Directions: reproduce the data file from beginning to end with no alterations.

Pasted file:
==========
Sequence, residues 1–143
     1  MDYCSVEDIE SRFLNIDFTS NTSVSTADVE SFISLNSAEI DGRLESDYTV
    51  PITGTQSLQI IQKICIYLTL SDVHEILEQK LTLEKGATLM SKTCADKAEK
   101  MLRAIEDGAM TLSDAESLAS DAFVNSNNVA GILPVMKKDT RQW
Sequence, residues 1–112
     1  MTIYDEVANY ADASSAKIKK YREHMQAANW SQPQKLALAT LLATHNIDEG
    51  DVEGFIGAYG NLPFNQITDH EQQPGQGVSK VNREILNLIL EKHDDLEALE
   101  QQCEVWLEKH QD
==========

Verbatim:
Sequence, residues 1–143
     1  MDYCSVEDIE SRFLNIDFTS NTSVSTADVE SFISLNSAEI DGRLESDYTV
    51  PITGTQSLQI IQKICIYLTL SDVHEILEQK LTLEKGATLM SKTCADKAEK
   101  MLRAIEDGAM TLSDAESLAS DAFVNSNNVA GILPVMKKDT RQW
Sequence, residues 1–112
     1  MTIYDEVANY ADASSAKIKK YREHMQAANW SQPQKLALAT LLATHNIDEG
    51  DVEGFIGAYG NLPFNQITDH EQQPGQGVSK VNREILNLIL EKHDDLEALE
   101  QQCEVWLEKH QD